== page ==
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Monday, November 10, 2014 by Tyler Whitson
Council passes sound permitting ordinance
City Council approved an ordinance Thursday that subjects large-scale outdoor music events on city parkland, such as the Austin City Limits festival, to more comprehensive sound permitting requirements.
The ordinance amends city code to require that applicants seeking outdoor amplified sound permits for music events on city parkland with a likely daily attendance of 7,500 or more go through the Austin Music Office’s review process, which includes the development of a Sound Impact Plan.
The ordinance also includes a provision that allows the Music Office to deem that certain events that are not primarily geared toward music are not subject to its regulations, even if they incidentally involve amplified sound or music and surpass the attendance threshold.
The Music Office will coordinate its review of qualifying events with the Parks and Recreation Department, which previously administered these permits on its own. Parks and Recreation will continue to be responsible for the amplified sound permitting of other events on city parkland.
Sound Impact Plans can include on-site inspections, sound measurements and discussions with nearby residents and business owners. They can involve customized requirements for attendance and capacity, decibel limits, hours of operation, stage and speaker placement and more.
Council Member Laura Morrison, who sponsored the resolution that initiated the amendments, has stated that she was responding to complaints about sound from this year’s ACL festival, coming from as far as the Crestview, Hyde Park and Windsor Park neighborhoods.
Morrison reiterated this message on Thursday. “We had quite a bit of a challenge during our last festival,” she said. “Something I didn’t know and I wanted to change is that music festivals that are held in parks, their sound permitting is permitted under the Parks Department as opposed to under the Music Office, like the rest of our sound permits.”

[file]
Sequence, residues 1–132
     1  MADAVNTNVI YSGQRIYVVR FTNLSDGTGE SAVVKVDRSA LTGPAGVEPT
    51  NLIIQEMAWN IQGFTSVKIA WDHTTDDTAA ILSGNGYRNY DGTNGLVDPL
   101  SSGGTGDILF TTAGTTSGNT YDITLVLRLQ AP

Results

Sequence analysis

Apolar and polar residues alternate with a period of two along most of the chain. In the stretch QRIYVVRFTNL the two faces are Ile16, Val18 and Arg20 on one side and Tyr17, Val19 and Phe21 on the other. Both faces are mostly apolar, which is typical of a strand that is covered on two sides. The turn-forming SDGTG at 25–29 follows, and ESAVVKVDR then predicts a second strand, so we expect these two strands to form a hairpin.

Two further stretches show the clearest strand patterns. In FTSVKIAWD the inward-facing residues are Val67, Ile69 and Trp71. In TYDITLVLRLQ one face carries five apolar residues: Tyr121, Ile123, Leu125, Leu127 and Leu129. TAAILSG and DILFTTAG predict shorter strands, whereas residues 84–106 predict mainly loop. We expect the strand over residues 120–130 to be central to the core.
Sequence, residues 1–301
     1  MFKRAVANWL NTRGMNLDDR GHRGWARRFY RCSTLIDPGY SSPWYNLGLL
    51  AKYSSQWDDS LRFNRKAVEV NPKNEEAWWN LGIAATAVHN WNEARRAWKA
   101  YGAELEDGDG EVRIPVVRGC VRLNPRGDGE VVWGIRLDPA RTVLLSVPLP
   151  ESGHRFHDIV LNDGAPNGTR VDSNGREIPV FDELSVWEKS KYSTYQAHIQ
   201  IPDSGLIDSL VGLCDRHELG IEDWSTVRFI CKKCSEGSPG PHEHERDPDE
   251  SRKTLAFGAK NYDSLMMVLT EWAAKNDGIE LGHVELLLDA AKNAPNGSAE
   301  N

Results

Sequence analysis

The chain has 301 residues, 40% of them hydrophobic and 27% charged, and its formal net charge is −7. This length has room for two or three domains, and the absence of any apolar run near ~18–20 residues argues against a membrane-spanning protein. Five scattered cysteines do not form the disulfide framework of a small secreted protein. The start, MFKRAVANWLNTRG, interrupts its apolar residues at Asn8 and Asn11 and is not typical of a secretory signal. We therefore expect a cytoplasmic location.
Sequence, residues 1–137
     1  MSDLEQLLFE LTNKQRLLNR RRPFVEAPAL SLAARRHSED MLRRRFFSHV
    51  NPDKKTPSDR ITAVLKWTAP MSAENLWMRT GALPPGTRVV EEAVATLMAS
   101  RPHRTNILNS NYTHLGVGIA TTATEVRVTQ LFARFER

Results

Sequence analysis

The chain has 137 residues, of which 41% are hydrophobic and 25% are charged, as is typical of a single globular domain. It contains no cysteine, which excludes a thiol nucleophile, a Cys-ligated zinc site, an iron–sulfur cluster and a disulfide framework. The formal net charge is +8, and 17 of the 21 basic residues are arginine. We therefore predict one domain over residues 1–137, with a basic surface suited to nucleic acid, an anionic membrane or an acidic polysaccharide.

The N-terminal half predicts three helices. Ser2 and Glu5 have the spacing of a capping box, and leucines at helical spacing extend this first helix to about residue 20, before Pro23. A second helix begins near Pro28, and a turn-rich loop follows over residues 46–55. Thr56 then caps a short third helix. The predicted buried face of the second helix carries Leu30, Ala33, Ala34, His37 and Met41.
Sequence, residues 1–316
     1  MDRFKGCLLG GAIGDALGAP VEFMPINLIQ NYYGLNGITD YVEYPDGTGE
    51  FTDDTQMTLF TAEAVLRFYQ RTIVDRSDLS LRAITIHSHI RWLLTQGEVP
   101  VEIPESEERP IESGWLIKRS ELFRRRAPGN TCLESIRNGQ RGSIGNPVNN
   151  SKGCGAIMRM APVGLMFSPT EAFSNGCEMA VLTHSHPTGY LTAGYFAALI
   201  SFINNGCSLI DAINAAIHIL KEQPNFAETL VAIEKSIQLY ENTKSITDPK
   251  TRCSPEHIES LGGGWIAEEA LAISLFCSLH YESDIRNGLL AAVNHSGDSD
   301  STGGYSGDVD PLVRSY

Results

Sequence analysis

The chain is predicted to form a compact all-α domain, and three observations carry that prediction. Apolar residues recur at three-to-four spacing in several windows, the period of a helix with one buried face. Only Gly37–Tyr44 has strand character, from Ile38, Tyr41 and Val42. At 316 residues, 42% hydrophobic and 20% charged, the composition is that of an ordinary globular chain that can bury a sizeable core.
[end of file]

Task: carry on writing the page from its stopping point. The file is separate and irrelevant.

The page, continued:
Morrison tweaked the ordinance that staff proposed Thursday, lowering the daily attendance threshold from 10,000 to 7,500 and adding in the option to exempt certain events. She also removed language that would have made the threshold cumulative, adding up attendance over the course of multi-day festivals.
“It’s really what happens on one day in my view as opposed to cumulative,” Morrison said. “If there’s a three-day event where there’s 3,000 people there or less (per day), maybe we really don’t care about that.”
Morrison noted that she lowered the threshold in order to make sure the rules apply to Blues on the Green in Zilker Park, which has an estimated daily attendance of 8,000. She said she intended the other changes to ensure that the new procedure does not apply unintentionally to smaller, non-music events such as the Zilker Summer Musical.
Council also passed an ordinance on consent Thursday that amends code to allow staff to use “C-weighting” as a tool to measure and enforce amplified sound levels in addition to the more traditional “A-weighting.” The resolution that Council adopted to initiate the amendments states that C-weighting is more effective at detecting bass frequencies than A-weighting.
Council members voted 6-0 in favor, with Council Member Bill Spelman absent.
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Key Players & Topics In This Article
Austin City Council: The Austin City Council is the body with legislative purview over the City of Austin. It offers policy direction, while the office of the City Manager implements administrative actions based on those policies. Until 2012, the body contained seven members, including the city's Mayor, all elected at-large. In 2012, City of Austin residents voted to change that system and now 10 members of the Council are elected based on geographic districts. The Mayor continues to be elected at-large.
Austin Music Commission: The Austin Music Commission guides city practices on music development issues, including the SxSW music festival.